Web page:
nothing less than all his history. Without hurry, without rest,
the human spirit goes forth from the beginning to embody every
faculty, every thought, every emotion, which belongs to it in
appropriate events. But the thought is always prior to the fact;
all the facts of history preexist in the mind as laws. Each law
in turn is made by circumstances predominant, and the limits of
nature give power to but one at a time. A man is the whole
encyclopaedia of facts. The creation of a thousand forests is in
one acorn, and Egypt, Greece, Rome, Gaul, Britain, America, lie
folded already in the first man. Epoch after epoch, camp,
kingdom, empire, republic, democracy, are merely the application
of his manifold spirit to the manifold world.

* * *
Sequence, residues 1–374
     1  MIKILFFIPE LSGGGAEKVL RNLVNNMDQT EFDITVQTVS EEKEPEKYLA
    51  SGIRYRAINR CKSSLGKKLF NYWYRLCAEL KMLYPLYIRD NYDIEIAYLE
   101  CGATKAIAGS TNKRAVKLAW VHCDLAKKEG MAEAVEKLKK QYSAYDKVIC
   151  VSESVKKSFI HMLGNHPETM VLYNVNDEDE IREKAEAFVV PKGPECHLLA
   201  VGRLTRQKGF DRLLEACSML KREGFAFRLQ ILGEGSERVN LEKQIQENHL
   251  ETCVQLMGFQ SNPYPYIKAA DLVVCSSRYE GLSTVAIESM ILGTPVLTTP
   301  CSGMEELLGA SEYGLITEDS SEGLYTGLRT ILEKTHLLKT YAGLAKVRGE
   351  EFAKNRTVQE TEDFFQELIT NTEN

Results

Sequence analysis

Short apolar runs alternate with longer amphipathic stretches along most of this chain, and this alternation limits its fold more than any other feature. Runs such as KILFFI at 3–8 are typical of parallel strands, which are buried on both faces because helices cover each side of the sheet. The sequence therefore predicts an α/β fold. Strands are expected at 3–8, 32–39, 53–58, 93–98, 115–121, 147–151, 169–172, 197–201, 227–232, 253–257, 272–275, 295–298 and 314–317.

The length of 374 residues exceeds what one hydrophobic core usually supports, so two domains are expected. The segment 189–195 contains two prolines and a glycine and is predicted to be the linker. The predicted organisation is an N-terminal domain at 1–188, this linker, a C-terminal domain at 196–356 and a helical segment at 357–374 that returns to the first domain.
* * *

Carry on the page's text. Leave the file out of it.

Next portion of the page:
We strongly recommend:
Europe in 1848 : A seed-plot of History?
In relation to the European Revolutions of 1848 the historian Eric Hobsbawm has written:
"There have been plenty of greater revolutions in the history of the modern world, and certainly plenty of more successful ones.
Yet there has been none which spread more rapidly and widely, running like a bushfire across frontiers, countries and even oceans."
In 1806 the Habsburg Emperor, who held the "Holy Roman" Imperial title and exercised direct dynastic authority over many lands stretching from Poland to the Mediterranean,
was hard-pressed by the activities of Napoleon Bonaparte, and accepted the termination of the Holy Roman Empire (due to sweeping reforms instituted by Napoleon in western
parts of Germanic Europe), and adopted the title of Emperor of Austria.
By late spring 1848, the Habsburg Empire looked like a hopeless case: the monarchy's northern Italian possessions in revolt, invaded by a Piedmontese army